The third and longest chapter of the book unpacks the argument itself. The crux of the argument is that a naturalistic worldview does not possess the resources needed to explain humans’ ability to draw rational inferences, that is, to reason. At base, naturalistic explanations must appeal to the blind, mechanistic, nonpurposive operations of nature; naturalists have no recourse to purposive explanations for rationality (which, Reppert observes, seems to suit naturalists like Dennett just fine). The alternative, of course, is that we are created in the imago dei, which Christians have long understood to include rational intellect (see, for example, Thomas Aquinas, Summa Theologica Ia q. 93 a. 4 or The Westminster Confession, chapter 4). Of course, both Lewis and Reppert affirm the theistic account.
Reppert begins with the original version of Lewis’s AFR: simply put, that materialism (the naturalistic view that the basic substances of the physical world are bits of matter ) entails that all thoughts be fully explainable as the result of irrational causes, thus rendering all thoughts invalid, including the thought ‘materialism is true’—in other words, naturalism is self-contradictory (54). A pretty argument too, though not without flaws. On February 2, 1948, renowned philosopher Elizabeth Anscombe and Lewis had a now-famous exchange on the latter ’s AFR at the Oxford Socratic Club—an exchange the substance of which has, unfortunately, been misunderstood greatly. And here is where Reppert shine as both philosopher and biographer: in addition to articulating clearly the details of Anscombe’s criticisms as well as the revised version of Lewis’s AFR, Reppert rebuts the “Anscombe legend,” that is, the perception of some that his exchange with Anscombe dealt Lewis a crushing psychological blow, causing him to abandon the apologetic enterprise (it is telling that Anscombe herself, in the introduction to volume two of her Metaphysics and the Philosophy of Mind , described such “odd accounts” as “an interesting example of the phenomenon called ‘projection’”).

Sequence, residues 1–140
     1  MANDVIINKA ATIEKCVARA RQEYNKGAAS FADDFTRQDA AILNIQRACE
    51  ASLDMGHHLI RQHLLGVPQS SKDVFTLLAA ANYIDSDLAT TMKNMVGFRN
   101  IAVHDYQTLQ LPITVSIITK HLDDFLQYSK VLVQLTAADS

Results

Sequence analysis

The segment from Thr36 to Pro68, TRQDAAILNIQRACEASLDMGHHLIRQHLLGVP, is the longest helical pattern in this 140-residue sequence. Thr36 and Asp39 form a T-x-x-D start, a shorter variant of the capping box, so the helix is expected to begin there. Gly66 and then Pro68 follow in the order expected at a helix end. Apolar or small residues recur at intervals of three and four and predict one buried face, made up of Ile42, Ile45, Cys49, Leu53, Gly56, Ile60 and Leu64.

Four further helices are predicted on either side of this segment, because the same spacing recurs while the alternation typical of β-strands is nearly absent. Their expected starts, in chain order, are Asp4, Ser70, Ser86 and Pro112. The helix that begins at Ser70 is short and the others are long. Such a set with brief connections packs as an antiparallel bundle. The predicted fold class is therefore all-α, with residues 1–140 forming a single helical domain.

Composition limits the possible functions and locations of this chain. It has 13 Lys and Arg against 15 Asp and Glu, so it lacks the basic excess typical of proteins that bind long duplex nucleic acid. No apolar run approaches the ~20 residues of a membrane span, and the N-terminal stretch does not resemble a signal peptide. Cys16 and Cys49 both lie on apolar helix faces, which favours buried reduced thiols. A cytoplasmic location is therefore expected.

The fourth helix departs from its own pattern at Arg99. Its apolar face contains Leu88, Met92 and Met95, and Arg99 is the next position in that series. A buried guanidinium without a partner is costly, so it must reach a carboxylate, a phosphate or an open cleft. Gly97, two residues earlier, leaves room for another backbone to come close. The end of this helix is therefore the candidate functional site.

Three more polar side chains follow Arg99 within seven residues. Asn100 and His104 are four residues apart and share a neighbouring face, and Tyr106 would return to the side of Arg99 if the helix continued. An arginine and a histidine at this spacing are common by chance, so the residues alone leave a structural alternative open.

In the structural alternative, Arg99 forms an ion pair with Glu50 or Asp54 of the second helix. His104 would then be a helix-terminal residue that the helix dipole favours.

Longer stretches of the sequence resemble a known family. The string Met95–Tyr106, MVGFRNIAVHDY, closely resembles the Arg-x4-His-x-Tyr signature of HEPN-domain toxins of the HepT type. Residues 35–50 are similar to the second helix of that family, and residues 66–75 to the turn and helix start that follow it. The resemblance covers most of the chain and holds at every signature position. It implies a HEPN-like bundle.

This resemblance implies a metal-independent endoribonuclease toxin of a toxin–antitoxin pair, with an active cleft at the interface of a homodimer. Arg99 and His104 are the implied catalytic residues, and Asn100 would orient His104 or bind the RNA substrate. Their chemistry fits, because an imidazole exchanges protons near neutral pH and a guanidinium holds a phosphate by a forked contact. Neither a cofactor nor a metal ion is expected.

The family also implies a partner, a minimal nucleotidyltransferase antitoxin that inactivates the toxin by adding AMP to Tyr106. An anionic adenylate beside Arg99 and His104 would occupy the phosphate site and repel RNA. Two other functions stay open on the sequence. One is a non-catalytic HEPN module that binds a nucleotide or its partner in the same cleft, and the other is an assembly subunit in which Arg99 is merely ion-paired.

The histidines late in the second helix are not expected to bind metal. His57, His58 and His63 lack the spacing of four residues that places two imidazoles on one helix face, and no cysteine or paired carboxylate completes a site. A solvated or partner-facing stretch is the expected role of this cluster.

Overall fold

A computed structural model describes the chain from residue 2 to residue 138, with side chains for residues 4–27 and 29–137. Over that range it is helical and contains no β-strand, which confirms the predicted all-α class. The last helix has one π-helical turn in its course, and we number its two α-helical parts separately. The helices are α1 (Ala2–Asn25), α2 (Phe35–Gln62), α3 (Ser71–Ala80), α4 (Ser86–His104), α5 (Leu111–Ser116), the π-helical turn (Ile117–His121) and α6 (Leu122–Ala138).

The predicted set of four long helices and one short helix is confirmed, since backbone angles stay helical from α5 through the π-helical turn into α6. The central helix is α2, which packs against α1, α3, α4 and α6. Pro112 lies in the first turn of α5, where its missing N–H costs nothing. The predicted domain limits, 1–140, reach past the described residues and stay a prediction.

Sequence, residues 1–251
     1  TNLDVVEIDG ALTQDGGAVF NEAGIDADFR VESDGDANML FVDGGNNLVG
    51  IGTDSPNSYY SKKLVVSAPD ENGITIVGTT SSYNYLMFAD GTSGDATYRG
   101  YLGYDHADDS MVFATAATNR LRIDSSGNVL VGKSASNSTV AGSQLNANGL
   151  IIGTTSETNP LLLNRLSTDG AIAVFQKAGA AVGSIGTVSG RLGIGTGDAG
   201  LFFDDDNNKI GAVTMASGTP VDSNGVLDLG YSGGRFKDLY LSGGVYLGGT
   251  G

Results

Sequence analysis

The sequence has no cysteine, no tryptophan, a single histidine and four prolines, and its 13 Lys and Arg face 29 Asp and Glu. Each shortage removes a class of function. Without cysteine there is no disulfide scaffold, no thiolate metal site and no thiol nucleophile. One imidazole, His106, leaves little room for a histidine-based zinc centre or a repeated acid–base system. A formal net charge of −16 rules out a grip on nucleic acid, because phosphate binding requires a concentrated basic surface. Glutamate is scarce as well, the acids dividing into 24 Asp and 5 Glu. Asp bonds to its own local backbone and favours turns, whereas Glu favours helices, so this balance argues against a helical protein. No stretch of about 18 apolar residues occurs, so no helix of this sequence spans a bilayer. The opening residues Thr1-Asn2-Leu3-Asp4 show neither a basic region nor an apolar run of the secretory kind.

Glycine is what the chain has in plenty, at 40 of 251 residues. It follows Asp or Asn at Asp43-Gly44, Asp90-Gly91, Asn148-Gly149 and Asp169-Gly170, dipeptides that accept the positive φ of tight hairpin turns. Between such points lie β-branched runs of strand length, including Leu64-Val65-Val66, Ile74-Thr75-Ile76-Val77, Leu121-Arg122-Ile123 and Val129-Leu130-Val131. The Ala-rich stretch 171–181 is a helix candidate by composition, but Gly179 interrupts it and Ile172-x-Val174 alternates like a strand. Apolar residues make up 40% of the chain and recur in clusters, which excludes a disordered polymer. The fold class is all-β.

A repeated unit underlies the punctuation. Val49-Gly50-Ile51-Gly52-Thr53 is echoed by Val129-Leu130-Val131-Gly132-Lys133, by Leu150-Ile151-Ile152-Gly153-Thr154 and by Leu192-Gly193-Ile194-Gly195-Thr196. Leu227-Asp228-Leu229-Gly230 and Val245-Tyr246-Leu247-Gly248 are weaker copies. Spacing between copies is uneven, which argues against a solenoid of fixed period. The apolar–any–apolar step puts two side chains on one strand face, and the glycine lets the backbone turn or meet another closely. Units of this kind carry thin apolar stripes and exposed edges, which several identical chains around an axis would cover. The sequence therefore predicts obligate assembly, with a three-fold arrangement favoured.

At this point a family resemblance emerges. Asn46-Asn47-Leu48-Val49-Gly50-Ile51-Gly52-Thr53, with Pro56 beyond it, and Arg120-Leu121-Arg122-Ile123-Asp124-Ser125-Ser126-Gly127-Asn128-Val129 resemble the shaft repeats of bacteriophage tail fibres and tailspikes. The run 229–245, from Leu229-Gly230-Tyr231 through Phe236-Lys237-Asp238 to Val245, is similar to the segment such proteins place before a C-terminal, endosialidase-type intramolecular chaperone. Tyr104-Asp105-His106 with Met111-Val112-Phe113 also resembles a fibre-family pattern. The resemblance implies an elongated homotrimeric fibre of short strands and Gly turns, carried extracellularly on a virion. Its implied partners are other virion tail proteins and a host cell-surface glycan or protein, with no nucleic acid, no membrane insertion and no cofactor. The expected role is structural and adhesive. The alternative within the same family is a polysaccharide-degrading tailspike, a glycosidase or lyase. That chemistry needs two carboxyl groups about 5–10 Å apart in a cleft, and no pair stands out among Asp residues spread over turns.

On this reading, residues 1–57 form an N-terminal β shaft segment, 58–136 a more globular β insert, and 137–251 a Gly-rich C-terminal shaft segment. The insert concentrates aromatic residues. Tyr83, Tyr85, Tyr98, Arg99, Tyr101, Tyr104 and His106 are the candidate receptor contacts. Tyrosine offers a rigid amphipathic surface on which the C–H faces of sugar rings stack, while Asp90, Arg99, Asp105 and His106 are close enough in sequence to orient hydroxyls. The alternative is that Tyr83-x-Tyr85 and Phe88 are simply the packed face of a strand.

Having thus shown that Lewis’s argument was not, in fact, permanently refuted, Reppert takes up the task of making a positive case for the incompatibility of naturalism and rational inference. He begins in the fourth chapter by examining seven formulations of the AFR, each appealing to different features of reality to debunk naturalism and accept theism. Interestingly, these features of epistemic reality (such as intentionality, truth, and consciousness) are necessary to both naturalists and theists alike (on pain of irrationality), but as Reppert shows, they are incompatible with naturalism. This implies the necessity of an “explanatory dualism,” which is simply the affirmation that “while some events in nature can be explained in terms of purely mechanistic causes, the elements of rational inference…cannot” (87).